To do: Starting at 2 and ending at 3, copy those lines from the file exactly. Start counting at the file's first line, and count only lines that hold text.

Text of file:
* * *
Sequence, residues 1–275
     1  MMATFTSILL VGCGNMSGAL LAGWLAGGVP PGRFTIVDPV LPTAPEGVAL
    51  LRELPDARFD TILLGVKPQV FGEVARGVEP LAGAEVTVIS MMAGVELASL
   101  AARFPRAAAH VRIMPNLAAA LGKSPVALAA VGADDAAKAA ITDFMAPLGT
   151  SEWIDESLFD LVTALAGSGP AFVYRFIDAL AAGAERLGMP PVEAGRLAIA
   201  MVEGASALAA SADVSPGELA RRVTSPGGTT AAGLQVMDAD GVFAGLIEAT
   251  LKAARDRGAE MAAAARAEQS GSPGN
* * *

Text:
     1  MMATFTSILL VGCGNMSGAL LAGWLAGGVP PGRFTIVDPV LPTAPEGVAL
    51  LRELPDARFD TILLGVKPQV FGEVARGVEP LAGAEVTVIS MMAGVELASL